So the famous crunch, crunch, crunch came marching through the woods. My first thought was that the turkeys were coming through the woods towards me. I turned around expecting to see the turkeys, but my eyes meet with a beautiful deer. Turn my gun towards it and put the cross hairs right on the doe right behind her shoulder. Gun fires with a “bang” and she just drops with a quick and painless death, which I thought was the best way. I go down to her, and I thank her very much for the meat that she has provided for my family. Then I get to work and start to gut it out by myself. Once I finished gutting her, I got my rope and started to drag her out through the woods, we walked through in the darkness earlier that morning. We got her out to the truck and checked her in at a deer weigh station. She weighed 110 pounds and we probably got 50 pounds of meat. We drove her up to my grandfather's house so we could butcher her to use for our meat. We take everything we can get off of the deer. We use everything because we feel thankful for the meat she provided us. I love the outdoors and appreciate everything the woods have to offer. As an outdoors man, I love nature and all the beauties she holds.

  

Honorable Mention "Night" by Bridget Brady

12th grade, Southborough MA

 

Sitting for only thirty minutes attempting to understand the life of the moonlit world, a wave of serenity and peace rushes over me: a beautiful surrender towards the hope of a greater purpose. Silhouettes of the bare trees stand still against the luminous sky, awaiting instruction from the great overseer. I try to mimic. I try to grasp the bigger web of life for which my existence intimately fits into. The night is not dark nor silent. We just have to take the time to look up and listen.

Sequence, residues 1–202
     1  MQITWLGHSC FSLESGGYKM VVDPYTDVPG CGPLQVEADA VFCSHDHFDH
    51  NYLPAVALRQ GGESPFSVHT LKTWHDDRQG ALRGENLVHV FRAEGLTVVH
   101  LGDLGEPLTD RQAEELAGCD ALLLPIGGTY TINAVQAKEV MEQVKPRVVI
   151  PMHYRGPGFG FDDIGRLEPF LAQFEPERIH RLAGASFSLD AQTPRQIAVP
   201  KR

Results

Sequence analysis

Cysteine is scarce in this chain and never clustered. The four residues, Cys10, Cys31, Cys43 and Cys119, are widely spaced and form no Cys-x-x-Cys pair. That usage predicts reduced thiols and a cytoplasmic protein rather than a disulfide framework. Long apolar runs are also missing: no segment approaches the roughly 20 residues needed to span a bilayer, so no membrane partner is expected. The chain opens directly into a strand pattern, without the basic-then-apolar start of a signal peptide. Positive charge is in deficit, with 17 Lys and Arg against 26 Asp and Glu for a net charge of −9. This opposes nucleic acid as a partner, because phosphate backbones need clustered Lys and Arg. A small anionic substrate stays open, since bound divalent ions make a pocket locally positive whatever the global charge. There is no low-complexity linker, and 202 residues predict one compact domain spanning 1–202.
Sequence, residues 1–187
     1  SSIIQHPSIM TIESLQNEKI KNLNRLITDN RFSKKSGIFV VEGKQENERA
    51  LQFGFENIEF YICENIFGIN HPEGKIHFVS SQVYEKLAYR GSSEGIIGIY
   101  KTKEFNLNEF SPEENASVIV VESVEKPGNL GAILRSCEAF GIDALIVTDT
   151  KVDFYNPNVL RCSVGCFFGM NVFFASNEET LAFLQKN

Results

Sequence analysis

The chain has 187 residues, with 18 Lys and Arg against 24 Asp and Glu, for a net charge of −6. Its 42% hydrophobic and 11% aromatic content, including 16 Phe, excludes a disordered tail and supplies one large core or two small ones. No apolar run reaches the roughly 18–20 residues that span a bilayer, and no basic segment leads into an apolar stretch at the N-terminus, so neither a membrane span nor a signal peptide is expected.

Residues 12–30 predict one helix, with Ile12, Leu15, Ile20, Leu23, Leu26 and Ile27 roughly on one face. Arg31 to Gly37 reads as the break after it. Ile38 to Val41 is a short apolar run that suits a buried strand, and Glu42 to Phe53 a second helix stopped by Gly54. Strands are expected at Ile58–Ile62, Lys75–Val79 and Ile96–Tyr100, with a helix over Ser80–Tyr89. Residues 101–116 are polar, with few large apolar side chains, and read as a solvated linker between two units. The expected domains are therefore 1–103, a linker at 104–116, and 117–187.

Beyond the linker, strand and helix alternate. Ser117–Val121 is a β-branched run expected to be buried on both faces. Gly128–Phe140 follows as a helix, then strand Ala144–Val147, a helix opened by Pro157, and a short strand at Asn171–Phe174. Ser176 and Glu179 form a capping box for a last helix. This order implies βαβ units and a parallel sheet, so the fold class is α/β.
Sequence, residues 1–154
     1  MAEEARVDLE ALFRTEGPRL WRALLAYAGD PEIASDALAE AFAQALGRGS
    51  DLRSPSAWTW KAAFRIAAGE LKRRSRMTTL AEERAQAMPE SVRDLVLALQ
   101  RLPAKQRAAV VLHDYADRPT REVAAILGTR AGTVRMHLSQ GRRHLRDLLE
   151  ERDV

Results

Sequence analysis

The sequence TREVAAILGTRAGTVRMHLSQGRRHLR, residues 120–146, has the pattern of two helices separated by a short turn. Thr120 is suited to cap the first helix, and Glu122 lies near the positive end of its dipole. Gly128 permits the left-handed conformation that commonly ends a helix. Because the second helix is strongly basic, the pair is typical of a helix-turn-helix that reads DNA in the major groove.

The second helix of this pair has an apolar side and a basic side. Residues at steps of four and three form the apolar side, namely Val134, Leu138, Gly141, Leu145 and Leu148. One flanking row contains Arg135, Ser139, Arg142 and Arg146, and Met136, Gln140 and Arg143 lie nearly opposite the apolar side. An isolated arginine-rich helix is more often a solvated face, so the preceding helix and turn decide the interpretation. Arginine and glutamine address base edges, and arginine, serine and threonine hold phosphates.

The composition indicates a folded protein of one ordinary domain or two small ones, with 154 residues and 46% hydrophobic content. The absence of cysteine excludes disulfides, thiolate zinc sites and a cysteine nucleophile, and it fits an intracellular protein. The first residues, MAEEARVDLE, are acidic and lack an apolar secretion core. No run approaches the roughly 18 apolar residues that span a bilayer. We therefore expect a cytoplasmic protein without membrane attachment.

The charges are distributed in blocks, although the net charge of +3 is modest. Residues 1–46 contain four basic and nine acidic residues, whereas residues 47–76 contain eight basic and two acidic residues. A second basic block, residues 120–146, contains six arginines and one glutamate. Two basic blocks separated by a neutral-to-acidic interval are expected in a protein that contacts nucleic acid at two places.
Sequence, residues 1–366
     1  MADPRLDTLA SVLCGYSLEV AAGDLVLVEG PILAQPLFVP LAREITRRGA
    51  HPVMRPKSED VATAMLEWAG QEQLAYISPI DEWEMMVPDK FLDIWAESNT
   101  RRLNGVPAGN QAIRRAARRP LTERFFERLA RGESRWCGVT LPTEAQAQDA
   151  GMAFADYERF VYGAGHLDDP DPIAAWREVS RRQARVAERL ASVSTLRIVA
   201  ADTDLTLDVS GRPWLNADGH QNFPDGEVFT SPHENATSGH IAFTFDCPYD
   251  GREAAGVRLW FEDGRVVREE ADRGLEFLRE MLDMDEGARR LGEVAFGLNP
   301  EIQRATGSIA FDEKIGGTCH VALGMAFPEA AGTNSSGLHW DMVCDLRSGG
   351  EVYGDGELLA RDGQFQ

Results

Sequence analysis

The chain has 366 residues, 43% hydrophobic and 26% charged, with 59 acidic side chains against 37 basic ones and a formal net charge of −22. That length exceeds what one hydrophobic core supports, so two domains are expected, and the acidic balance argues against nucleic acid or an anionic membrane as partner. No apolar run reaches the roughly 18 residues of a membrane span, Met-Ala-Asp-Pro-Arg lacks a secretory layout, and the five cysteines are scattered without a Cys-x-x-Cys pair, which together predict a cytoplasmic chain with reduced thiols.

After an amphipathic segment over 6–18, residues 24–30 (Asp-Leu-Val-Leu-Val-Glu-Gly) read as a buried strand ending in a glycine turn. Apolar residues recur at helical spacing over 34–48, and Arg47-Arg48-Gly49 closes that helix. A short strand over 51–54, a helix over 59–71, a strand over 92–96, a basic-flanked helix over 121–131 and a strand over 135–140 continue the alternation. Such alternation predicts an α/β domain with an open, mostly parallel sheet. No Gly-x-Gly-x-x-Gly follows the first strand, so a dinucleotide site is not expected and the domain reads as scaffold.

The night is not dark. We just don’t give ourselves enough time for our eyes to adjust to the new lighting. To experience this world, it takes patience, a skill we lack more and more of as the years go on. We live in a world of instant gratification. When everything we need is at our fingertips, we fail to take the time to look for things that perhaps are more of an investment. Ironically, the things that are most worth our time are often the things that take the most of it. As my eyes adjust to my surroundings, I experience a world colored by new hues in the framework of the world-by-day. The sky glows down in a blue-gray haze. The trees are black and the grass is purple. Life is as it would be living in an impressionist painting.

 

Night is also not silent. I open my ears to the music that is playing before me. Cicadas sing to my far left, humming in the wetlands. In the bushes closer to me is another chirping bug. His voice intermittently adding to the choir. The soft rustle of trees as the breeze caresses their leaves act as another layer to the music. The harder scraping of the fallen leaves on the pavement, shuffling along with the wind’s same breath, became the percussion of the song. For many of the creatures, I understand this performance was to be one of the last before the coming frost. While this sadness drifts into my heart, I realize it never seemed to touch nature. The bugs sing on without fear, hesitation, or sadness. They embrace each moment because that is all they have ever been driven to do. They accept their fate with wisdom and faith in the greater circle of life. The beauty found in each moment of that night’s song became all the sweeter because I knew I was there for that moment. That fleeting moment. That perfect moment, where things were as they should be.

 

Out here, the world is not dark and unknown, but lit by a softer glow, in a hue meant to be observed. Out here, the lively music of life is a constant reminder of the beauty of the present moment. Out here, past present and future melt away into a world of eternal presents. Out here, I learn the true nature of night. Out here, I take peace.

  

Honorable Mention "Our Spot" by Melissa Jones

11th grade, West Warren MA